Her name can be found in most American history books, and her accomplishments are part of every U.S. history curriculum. This recognition is not undeserved, as she revived interest in feminism with her book The Feminine Mystique and facilitated change in women’s roles by establishing the National Organization for Women (NOW). Although most high school students treat Betty Friedan as another name to memorize for a history test, she is so much more than a removed figure in a textbook for me. She is the reason that I am a feminist.
My middle school history teacher developed my interest in First Wave Feminism, encouraging me to write papers for class and National History Day (NHD) about the suffrage movement. I loved learning about these long-ago crusaders for women’s equality, people who battled for rights I took for granted. My interest in the history of feminist activism led me to learn about Second Wave Feminism on my own during the summer before ninth grade. While researching this era, I read most of the major feminist classics, all of which really resonated with me. I identified most with 1960s and 70s feminism largely because the issues relevant then, from LGBT rights to equal pay, are still pertinent today.
However, it was not until I read The Feminine Mystique that I had my “feminist click moment.” I was shocked by the blatant sexism that society had condoned and the prevalence of discriminatory attitudes towards women, all in such a recent time period. Friedan’s exposé was so powerful that it rallied me to action and made me want to battle for women’s rights. It was official: I became a feminist.
Ever since reading The Feminine Mystique, I have gotten involved in numerous feminist activities. I am particularly proud of my work with Star of Davida, the Orthodox Jewish feminist blog where I have posted biweekly articles on women’s issues since summer 2010. As someone who enjoys writing and believes strongly in feminism, blogging has allowed me to combine these passions and engage with both of them on a deeper level. It has also compelled me to follow other bloggers and read their thoughts on the issues, which has broadened my horizons, introduced me to new ideas, and given me the opportunity to examine my own opinions in order to change them or reaffirm them.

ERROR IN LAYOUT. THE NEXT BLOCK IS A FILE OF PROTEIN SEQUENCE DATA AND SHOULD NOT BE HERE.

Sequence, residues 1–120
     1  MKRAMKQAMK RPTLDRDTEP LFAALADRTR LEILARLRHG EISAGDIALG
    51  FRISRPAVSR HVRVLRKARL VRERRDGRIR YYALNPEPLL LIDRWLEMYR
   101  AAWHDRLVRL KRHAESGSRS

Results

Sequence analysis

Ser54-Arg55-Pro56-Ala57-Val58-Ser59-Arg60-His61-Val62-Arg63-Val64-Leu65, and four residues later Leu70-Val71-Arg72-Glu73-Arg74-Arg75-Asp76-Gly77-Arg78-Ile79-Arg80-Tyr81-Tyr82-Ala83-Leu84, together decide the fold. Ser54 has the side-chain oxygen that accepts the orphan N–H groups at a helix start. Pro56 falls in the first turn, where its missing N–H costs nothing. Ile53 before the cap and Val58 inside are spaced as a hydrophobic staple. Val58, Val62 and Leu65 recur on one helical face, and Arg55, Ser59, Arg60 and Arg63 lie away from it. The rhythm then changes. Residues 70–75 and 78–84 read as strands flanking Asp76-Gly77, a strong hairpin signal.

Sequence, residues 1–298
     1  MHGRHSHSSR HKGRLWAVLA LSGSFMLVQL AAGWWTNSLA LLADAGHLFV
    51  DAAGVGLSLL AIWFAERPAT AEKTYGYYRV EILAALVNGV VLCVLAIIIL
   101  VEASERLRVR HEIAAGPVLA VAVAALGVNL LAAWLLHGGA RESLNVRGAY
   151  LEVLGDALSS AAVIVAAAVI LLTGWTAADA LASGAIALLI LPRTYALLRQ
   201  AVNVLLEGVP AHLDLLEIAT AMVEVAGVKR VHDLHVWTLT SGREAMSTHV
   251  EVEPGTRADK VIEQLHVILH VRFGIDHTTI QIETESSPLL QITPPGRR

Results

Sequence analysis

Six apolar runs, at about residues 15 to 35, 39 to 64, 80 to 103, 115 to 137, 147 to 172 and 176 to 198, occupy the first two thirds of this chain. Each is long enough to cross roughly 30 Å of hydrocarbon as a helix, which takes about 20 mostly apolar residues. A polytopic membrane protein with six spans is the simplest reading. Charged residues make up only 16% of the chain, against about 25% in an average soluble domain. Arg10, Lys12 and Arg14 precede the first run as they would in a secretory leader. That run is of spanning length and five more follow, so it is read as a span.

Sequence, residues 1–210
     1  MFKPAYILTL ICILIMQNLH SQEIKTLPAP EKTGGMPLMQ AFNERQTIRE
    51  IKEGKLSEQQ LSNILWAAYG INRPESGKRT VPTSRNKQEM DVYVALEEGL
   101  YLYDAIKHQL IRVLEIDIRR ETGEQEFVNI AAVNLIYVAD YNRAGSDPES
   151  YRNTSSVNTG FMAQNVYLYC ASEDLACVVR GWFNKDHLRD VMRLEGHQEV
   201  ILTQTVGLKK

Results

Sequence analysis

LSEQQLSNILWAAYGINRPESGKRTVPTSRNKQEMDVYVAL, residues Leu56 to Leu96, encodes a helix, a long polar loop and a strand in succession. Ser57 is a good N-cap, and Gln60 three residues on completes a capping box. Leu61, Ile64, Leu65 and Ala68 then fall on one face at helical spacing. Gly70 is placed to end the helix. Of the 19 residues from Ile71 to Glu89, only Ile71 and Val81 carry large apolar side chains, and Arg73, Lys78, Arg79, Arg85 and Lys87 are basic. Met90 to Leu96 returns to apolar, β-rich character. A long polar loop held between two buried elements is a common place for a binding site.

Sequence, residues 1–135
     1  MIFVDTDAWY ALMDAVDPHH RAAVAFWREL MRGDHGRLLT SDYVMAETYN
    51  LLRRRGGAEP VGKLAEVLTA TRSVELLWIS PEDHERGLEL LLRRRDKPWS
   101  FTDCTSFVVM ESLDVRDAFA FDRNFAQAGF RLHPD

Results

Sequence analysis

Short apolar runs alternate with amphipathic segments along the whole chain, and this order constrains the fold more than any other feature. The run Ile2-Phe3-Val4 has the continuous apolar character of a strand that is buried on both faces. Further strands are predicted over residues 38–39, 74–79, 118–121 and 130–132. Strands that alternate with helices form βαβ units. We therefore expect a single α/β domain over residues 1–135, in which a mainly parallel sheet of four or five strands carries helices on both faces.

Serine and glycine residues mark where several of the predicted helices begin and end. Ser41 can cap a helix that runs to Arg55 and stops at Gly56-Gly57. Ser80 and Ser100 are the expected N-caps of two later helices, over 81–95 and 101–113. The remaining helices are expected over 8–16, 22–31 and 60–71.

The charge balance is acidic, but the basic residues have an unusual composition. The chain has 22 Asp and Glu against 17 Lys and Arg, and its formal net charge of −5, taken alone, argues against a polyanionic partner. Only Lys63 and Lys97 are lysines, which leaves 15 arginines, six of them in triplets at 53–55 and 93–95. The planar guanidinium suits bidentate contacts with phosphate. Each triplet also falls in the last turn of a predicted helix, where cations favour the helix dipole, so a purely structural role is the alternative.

Betty Friedan influenced my current actions as well as my future aspirations: I hope to pursue gender studies in college and become a labor lawyer specializing in women’s issues. These goals were solidified when I attended the 2012 NOW conference as part of the NOW Young Feminist Task Force, an exclusive group that unites young feminists and gives them a greater voice. Hearing motivating speeches and meeting dedicated feminists showed me that this is what I want to do with my life. Although I never met Friedan, who died in 2006, I know that she would be proud to have inspired me to carry on the torch of feminism.
This was Talia’s college admissions essay for Harvard University, where she is now finishing her first year. If you discussed your Orthodox feminism in your college application, or in an essay for high school, college, or graduate school, tell us about it! Send your essay to firstname.lastname@example.org.
As an Orthodox Jew, feminist activist, and first-year college student, I’ve got a pretty full schedule to balance. I’ve previously written about how being a feminist has influenced my perspective on being an undergrad, but I have yet to explore how being Orthodox impacts both my feminism and collegiate career.
Being a feminist in a patriarchal society is no simple mater. However, so far, I’ve found college to be a pretty conducive place for feminism and other social equality movements. There’s a sizable feminist community at Harvard, every member of which is absolutely fabulous and truly dedicated to making the world a better place for women and men alike. Numerous gender-related events occur every week, from screenings of documentaries like 12th and Delaware to speeches by New York Times columnist Gail Collins. All of the upperclass feminists I’ve met have strongly encouraged me and other first-years to get involved in activist work; my first semester of college hasn’t even ended, and I’m already on the board of an on-campus feminist organization and write for the college’s feminist magazine. Even in groups that are not specifically gendered or activist-oriented, I have found and fostered several feminist-friendly spaces.
Not everybody I meet on campus is as involved in gender issues as I am. Although I have encountered some insensitivity or misunderstanding when I’ve espoused feminist ideals or used the word feminist, the typical reaction is a few respectful questions about what exactly feminism is. Consequently, I’ve had some really interesting, eye-opening conversations with a varied group of people about gender issues. Continue reading